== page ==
The Hawthorne Effect: How Observation Helps You Maintain A Habit Change
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Developing a habit isn't always as easy as it sounds.
In fact, you often need as much help as possible to follow through.
One possible solution is to use a classic psychological principle to your advantage.
Especially, there's a study called the Hawthorne Effect (or Observer Effect) which has been proven to improve performance in the completion of tasks.
In this article, we'll talk about the Hawthorne Effect and how you can use it to reinforce good habits and eliminate bad habits.
Let’s get to it.
What is the Hawthorne Effect?
The term Hawthorne Effect was coined in the 1950s based on a series of experiments that were originally conducted in the 1920s.
In an industrial experiment which was conducted to see whether factory workers were more productive with a greater or lesser amount of ambient lighting, researchers found that the productivity of BOTH groups increased from the control amounts.
After further experiments, it became clear that this result happened because the test subjects knew they were being studied.
The lesson learned?
When people are being observed they want to look good and perform well.
It is human nature. If we know we're being watched, it's natural to increase our performance and give that little bit of extra effort.
The Hawthorne Effect and YOU.
How does this information help you form positive habits?
Well, if you've read other posts on DevelopGoodHabits.com, then you know that accountability is a critical part of habit development. Whether you've trying to change a bad habit or reinforce a good one (like the building a writing routine and walking 10,000 steps a day), having accountability is an essential part of making it happen.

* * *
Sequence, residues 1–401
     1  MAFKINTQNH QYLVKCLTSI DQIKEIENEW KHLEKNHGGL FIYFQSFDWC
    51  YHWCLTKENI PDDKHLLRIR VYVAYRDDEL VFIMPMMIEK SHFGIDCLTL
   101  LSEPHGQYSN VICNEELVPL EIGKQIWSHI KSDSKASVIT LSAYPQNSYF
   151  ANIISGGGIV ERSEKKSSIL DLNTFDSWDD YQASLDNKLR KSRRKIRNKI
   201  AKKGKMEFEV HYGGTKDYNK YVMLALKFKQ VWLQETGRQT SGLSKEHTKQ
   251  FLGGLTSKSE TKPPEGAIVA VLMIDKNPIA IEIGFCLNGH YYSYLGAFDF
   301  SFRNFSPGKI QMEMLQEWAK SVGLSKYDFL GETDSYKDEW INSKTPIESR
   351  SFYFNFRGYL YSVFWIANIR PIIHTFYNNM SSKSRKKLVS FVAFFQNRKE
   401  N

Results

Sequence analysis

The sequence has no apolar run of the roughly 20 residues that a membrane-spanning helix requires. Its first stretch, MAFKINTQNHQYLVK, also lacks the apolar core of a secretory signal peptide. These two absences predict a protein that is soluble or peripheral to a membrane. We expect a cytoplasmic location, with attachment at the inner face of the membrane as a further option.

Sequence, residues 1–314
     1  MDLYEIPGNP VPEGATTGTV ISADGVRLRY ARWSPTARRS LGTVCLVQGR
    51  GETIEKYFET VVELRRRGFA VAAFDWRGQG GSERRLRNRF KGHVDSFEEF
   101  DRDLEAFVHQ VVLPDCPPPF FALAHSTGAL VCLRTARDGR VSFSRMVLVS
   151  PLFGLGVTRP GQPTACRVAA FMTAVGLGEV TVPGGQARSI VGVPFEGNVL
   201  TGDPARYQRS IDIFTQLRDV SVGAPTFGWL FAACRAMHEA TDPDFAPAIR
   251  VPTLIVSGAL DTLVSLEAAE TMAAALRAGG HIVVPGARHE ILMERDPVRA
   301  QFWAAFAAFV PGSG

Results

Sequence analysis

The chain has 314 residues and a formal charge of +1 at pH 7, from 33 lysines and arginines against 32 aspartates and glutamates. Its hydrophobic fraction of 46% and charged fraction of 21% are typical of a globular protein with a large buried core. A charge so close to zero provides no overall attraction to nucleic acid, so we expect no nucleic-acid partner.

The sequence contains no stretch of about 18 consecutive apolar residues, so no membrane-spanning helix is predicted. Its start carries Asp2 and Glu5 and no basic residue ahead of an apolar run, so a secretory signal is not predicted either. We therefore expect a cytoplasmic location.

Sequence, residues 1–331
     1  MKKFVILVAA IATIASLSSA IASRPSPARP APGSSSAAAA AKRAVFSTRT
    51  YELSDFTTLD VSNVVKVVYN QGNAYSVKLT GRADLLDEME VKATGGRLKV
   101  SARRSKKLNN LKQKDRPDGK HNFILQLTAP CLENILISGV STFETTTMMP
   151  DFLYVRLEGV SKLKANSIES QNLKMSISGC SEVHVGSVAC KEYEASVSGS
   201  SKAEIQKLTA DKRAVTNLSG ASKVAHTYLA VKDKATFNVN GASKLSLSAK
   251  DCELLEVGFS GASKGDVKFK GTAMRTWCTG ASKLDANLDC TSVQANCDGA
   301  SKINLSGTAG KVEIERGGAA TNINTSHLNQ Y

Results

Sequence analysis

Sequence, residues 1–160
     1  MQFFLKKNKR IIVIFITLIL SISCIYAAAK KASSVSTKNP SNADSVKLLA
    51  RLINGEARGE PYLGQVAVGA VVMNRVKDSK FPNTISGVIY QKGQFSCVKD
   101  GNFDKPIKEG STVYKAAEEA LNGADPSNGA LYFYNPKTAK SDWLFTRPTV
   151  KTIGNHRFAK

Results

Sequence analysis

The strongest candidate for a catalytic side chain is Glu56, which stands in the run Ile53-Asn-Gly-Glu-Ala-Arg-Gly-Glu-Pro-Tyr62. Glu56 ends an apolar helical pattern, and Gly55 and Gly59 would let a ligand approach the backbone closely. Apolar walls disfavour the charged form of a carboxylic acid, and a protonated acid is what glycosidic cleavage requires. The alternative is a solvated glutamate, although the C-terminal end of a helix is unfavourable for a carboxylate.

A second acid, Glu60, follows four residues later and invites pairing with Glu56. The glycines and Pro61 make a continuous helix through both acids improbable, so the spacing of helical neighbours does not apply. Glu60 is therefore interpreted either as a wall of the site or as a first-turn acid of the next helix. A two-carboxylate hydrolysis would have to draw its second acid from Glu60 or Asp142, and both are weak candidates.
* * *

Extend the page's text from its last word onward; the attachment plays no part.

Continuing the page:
The Hawthorne Effect shows that we do better when we know we're being watched and reviewed by others. So to improve your chances of success all you have to do is put yourself out there to be observed by others.
How to Implement The Hawthorne Effect
Saying, “put yourself out there” is simple enough, but you might wonder how to do it. So let’s go over five ways you use the Hawthorne Effect to your advantage:
#1: Family and Friends. Tell those closest to you and you'll get moral support from the people who love you most.
#2: Social Media. Twitter, Facebook or Google+ provide you with a powerful platform to stay on top of your habit change. Simply promise you'll post the results every day and you'll get motivational messages to follow through.
#3: Accountability Partners and Mastermind Groups. One of the reasons all the “Anonymous” groups are successful is because of the Hawthorne Effect. Finding someone, or a group, who are trying to reach the same goal gives you a place to discuss problems and overcome obstacles. Ultimately these people will help you avoid backsliding into a negative routine.
#4: Habit-Specific Tools and Apps. Nowadays, there is a wide range of tools, software, and apps that help you stay on top of a goal. Not only do they track your performance, they also provide an opportunity to “compete” with your friends on the achievement of a goal.
For instance, not only does the FitBit count your daily steps, but it also syncs with Facebook where you can measure the results against your peers. You better believe this helps you stay motivated during those rainy days when you don't feel like exercising.
#5: Blog. Blogs are cheap and easy to make. WordPress and Blogger are just two of the 100% free options to get started with blogging. If you are starting a diet, quitting smoking, creating an exercise routine or trying any other habit change, you can share your experiences with the world.
Blogging is beneficial because it provides a place for coalescing your thoughts and thinking through any challenges you're currently experiencing. In reality, not many people will read it, but you'll still feel accountable because you know someone might stumble across it.
3 Steps for Getting Started with the Hawthorne Effect
It's not hard to implement the Hawthorne Effect.
In fact, you can break it down into three easy steps:
- Identify a habit you'd like to develop (here are 203 ideas.)
- Focus on this new routine for the next 30 days.
- Add public accountability so people expect you to follow through.
Since you now know that your performance improves when you're being observed, it only makes sense to purposefully add some form of public disclosure to every habit you develop.
Now it's time to take action.
Follow these three steps for your next habit change and you'll increase your chances of success. If you want some additional information you can check out some of these 175+ top self help books that may help you find more on the specific habit you are trying to change.